• Q is the rate of forced convection heat transfer (Btu/hr – U.S. or W – S.I.)
• Ts is the solid temperature (oF – U.S. or oC – S.I.)
• Tf is the fluid temperature (oF – U.S. or oC – S.I.)
• A is the area of the surface that is in contact with the fluid (ft2 – U.S. or m2 – S.I.)
• h is the convective heat transfer coefficient (Btu/hr-ft2oF – U.S. or W/m2-K – S.I.)

## Dimensionless Numbers for a Forced Convection Heat Transfer Coefficient Calculator

Determining a good estimate for the heat transfer coefficient, h, is often the most difficult part of forced convection heat transfer calculations.  The process for estimating the heat transfer coefficient for a particular forced convection application is often through a correlation for Nusselt number (Nu) in terms of Reynolds number (Re) and Prandtl number (Pr).  These three dimensionless numbers are defined in the box below, along with the definitions of the parameters that appear in them.

## Nusselt Number Correlations for Turbulent Flow Inside a Pipe

The Dittus Boelter equation, which has been around since 1930 (ref #1) has two forms as follows:

Nuo = 0.023 Re0.8Pr0.4 , for ‘heating’ (temperature of wall > temperature of fluid), and

Nuo = 0.026 Re0.8Pr0.3 , for ‘cooling’ (temperature of wall < temperature of fluid).

Subject to: 0.7 < Pr < 120 ; 10,000 < Re < 160,000; L/D > 10 ( L/D > 50 according to some authors).  It is a rather simple equation to use, but has a fairly narrow range of acceptable values for Re and Pr.

Another correlation (from ref #2) is shown in the box at the right.  The range of values for Re and Pr for this correlation are also shown.  This correlation can be used for a wider range of values of Re and Pr.

A third correlation is shown in the box at the left below.  This correlation, described by Pethukov (ref #3) is only a minor variation of the second correlation shown at the right.  This third correlation works for an even wider range of values for Re and Pr.

References

1.  Dittus, P.W. and Boelter, L.M., Univ. Calif. Pub. Eng., Vol. 1, No. 13, pp 443-461 (reprinted in Int. Comm. Heat Mass Transfer, Vol. 12, pp 3-22 (1985).

3.  Petukhov, B.S., “Heat transfer and friction in turbulent pipe flow with variable physical properties,” Adv. Heat Transfer 6, 503-565 (1970).

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# Hydraulic Radius Open Channel Flow Excel Spreadsheets

## Where to Find Spreadsheets for Hydraulic Radius Open Channel Flow Calculations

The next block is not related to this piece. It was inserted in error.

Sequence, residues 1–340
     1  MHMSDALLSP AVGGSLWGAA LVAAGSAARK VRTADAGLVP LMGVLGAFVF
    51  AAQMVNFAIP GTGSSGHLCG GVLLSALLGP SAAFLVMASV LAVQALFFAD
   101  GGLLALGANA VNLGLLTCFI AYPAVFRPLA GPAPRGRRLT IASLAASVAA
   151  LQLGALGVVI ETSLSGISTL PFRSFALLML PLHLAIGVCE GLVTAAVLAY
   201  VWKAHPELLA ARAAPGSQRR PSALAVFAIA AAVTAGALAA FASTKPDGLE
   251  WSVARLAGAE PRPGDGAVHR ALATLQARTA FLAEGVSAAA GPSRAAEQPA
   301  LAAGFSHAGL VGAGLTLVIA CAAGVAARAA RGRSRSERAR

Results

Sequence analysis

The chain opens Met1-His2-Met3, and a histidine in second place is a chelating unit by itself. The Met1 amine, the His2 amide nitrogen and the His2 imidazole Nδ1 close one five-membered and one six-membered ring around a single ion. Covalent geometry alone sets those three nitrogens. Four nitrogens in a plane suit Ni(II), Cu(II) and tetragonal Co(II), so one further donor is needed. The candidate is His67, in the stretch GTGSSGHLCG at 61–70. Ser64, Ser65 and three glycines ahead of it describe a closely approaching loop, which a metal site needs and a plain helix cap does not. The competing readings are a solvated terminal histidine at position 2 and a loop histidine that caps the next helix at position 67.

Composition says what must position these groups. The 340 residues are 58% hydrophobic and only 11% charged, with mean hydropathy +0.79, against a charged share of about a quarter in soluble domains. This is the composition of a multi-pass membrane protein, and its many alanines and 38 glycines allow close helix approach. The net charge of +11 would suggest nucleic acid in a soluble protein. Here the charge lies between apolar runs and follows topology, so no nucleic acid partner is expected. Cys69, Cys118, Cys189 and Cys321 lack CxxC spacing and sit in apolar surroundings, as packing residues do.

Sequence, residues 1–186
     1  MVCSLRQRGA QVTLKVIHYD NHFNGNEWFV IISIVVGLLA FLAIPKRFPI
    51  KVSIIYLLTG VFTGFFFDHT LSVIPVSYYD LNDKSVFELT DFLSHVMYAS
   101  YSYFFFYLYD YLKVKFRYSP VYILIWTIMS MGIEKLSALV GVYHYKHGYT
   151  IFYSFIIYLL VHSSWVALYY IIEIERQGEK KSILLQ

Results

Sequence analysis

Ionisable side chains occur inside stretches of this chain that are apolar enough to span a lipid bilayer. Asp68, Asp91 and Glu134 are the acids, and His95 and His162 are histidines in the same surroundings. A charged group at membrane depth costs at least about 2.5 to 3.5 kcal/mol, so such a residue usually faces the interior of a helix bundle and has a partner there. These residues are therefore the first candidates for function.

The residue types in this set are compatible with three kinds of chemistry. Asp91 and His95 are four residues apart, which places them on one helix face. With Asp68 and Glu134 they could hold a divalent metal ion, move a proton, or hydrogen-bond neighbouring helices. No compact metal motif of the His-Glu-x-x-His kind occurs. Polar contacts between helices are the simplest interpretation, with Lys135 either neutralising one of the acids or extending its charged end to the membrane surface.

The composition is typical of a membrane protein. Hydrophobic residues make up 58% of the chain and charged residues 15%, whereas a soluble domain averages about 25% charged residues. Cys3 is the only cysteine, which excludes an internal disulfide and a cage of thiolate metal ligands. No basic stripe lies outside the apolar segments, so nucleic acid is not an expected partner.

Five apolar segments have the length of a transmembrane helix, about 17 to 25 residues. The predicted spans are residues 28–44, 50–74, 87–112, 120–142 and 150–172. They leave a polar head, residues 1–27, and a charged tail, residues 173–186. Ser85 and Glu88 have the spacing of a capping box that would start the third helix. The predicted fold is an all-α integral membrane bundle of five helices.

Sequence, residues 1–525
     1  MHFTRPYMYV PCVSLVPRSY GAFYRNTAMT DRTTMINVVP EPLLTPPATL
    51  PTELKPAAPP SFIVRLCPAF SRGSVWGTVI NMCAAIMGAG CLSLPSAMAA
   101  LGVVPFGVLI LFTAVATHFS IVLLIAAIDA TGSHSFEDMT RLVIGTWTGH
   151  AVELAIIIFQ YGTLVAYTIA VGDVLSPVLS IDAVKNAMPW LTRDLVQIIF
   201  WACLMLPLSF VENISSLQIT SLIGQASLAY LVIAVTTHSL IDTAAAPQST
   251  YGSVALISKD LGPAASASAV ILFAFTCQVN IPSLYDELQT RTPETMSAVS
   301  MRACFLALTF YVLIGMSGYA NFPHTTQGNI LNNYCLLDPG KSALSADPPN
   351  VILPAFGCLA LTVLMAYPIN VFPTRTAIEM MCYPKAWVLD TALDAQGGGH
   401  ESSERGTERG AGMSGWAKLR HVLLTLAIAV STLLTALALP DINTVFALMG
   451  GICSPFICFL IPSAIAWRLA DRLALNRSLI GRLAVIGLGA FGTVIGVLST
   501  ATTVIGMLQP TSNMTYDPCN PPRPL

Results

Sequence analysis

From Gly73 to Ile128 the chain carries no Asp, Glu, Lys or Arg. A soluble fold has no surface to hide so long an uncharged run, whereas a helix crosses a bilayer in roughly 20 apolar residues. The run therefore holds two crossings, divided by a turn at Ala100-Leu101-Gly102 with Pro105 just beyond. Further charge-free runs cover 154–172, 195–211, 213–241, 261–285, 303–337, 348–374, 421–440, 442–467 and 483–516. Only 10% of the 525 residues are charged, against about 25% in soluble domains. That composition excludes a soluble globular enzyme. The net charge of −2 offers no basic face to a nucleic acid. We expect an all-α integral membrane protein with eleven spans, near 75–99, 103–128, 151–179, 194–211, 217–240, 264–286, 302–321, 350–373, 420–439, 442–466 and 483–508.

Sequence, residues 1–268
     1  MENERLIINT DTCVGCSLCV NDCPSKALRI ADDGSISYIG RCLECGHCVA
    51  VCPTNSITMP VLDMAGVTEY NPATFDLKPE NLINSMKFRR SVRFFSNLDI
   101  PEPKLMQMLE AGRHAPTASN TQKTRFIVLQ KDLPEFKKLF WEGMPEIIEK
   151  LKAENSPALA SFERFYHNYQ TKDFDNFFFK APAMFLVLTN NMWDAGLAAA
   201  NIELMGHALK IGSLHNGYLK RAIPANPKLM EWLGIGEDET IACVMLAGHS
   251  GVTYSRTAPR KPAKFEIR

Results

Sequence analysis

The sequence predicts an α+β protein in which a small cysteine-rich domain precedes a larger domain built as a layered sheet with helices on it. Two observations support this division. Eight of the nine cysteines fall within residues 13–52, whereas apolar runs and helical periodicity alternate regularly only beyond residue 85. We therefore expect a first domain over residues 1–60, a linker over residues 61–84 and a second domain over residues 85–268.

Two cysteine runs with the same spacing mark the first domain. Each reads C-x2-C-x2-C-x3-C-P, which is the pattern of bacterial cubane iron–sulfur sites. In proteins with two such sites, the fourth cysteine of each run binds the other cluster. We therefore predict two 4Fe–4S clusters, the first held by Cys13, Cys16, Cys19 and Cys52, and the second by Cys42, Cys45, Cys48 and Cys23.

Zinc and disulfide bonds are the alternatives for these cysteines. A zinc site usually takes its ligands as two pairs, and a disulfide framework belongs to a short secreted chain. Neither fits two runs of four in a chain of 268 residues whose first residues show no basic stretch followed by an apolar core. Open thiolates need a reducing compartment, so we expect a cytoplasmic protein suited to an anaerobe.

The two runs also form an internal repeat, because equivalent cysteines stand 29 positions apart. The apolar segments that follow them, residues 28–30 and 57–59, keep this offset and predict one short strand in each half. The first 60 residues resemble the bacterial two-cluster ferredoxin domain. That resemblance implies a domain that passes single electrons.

The hydraulic radius is an important parameter for open channel flow calculations with the Manning Equation.  Excel spreadsheets can be set up to conveniently make hydraulic radius open channel flow calculations for flow through common open channel shapes like those for a rectangular, triangular or trapezoidal flume.  Parameters like trapezoid area and perimeter and triangle area and perimeter are needed to calculate the hydraulic radius as described in the rest of this article.

The hydraulic radius for open channel flow is defined to be the cross sectional area of flow divided by the wetted perimeter.  That is: R = A/P, where A is the cross sectional area of flow, P is the portion of the cross sectional perimeter that is wetted by the flow, and R is the hydraulic radius.  The next several sections will present the equations to calculate A, P, and R for some common open channel shapes, and then discuss the use of Excel spreadsheets for hydraulic radius open channel flow calculations.

## Hydraulic Radius Open Channel Flow Calculation for Rectangular Channels

Rectangular channels are widely used for open channel flow, and hydraulic radius open channel flow calculations are quite straightforward for a rectangular cross section. The diagram at the left shows the depth of flow represented by the symbol, y, and the channel bottom width represented by the symbol, b.  It is clear from the diagram that A = by and P = 2y + b.  Thus the equation for the hydraulic radius is: R = by/(2y + b) for open channel flow through a rectangular cross section.

## Hydraulic Radius Open Channel Flow Trapezoidal Flume Calculations

The trapezoid is probably the most common shape for open channel flow. Many man-made open channels are trapezoidal flumes, including many urban storm water arroyos in the southwestern U.S.  Also, many natural channels are approximately trapezoidal in cross section. The parameters typically used for the size and shape of a trapezoidal flume in hydraulic radius open channel flow calculations are shown in the diagram at the right. Those parameters, which are used to calculate the trapezoid area and wetted perimeter, are as follows: